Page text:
There are also colorblind contact lenses available for people who want to correct their color vision without having to wear glasses all day long. These contacts work by filtering out certain wavelengths of light so that your eye sees everything as it should be seen — even if there is still some degree of color blindness involved.
Frequently Asked Question:
Can you be colorblind in the Marine Corps?
Yes, colorblind individuals can join the Marine Corps. However, color blindness may limit eligibility for certain military occupational specialties.
Why is color blindness not allowed in Marine?
Color blindness is not entirely forbidden in the Marines. But it may restrict you from certain roles. This is because some tasks require the ability to identify specific colors accurately for safety and effectiveness.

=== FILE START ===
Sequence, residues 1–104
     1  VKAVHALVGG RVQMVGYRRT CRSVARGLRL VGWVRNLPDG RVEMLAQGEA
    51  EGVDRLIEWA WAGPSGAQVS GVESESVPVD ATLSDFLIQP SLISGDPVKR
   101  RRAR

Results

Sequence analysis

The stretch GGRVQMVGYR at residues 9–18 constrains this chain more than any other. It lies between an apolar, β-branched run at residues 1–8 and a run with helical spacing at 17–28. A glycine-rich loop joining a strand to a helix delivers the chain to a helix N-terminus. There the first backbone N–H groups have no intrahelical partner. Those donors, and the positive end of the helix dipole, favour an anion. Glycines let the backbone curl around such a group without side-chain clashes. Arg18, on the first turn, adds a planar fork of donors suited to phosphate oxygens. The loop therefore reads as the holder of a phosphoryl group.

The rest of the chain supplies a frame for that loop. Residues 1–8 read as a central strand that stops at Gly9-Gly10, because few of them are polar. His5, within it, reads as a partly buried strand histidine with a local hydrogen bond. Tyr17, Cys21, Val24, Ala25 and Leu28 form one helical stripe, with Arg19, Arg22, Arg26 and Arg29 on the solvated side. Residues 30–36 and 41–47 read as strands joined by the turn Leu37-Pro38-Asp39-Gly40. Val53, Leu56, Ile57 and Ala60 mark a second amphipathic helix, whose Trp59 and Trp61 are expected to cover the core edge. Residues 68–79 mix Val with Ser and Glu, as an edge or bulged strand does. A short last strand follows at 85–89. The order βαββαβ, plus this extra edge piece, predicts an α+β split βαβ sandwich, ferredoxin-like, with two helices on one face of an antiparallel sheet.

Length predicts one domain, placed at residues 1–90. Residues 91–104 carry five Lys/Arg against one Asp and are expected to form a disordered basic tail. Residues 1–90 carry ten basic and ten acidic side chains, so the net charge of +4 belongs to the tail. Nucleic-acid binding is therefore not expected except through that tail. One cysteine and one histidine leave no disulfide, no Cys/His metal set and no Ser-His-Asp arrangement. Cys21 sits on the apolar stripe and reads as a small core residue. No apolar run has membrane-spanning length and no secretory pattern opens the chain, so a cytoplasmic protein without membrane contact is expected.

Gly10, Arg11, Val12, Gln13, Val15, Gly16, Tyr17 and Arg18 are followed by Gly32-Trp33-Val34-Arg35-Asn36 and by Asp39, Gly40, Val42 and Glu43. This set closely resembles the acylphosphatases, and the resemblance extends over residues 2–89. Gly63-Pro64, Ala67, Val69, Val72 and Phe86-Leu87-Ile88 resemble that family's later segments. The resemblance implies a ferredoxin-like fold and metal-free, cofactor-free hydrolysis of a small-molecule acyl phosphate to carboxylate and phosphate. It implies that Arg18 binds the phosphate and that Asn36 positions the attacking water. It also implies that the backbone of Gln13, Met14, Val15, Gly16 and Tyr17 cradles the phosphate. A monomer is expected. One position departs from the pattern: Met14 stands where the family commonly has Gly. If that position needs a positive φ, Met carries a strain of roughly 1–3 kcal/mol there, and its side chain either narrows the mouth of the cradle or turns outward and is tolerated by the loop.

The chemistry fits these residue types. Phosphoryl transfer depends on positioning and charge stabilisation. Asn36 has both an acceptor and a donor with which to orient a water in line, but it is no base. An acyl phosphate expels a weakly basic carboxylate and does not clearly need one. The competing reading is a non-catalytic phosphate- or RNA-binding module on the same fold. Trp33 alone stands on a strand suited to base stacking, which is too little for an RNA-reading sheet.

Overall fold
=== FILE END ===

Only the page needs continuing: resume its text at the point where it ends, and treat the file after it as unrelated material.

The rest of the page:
Do they test for color blindness at MEPS?
Yes, color blindness is one of the things tested during the Medical Examination at the Military Entrance Processing Station (MEPS).
Can you be a Marine if you are colorblind?
Yes, being colorblind does not disqualify you from being a Marine. It might affect the jobs you can apply for within the Marine Corps.
Marine jobs are available to people with all kinds of different backgrounds, skills and experiences. If you’re a colorblind individual who wants to pursue a career in marine, there are many opportunities available to you.
Whatever your passion or interest in life is, there will likely be a place for it in the world of marine jobs.
The possibilities for colorblind job seekers in marine careers are endless—the only thing holding them back is their own self-imposed limitations on what they believe they’re capable of doing!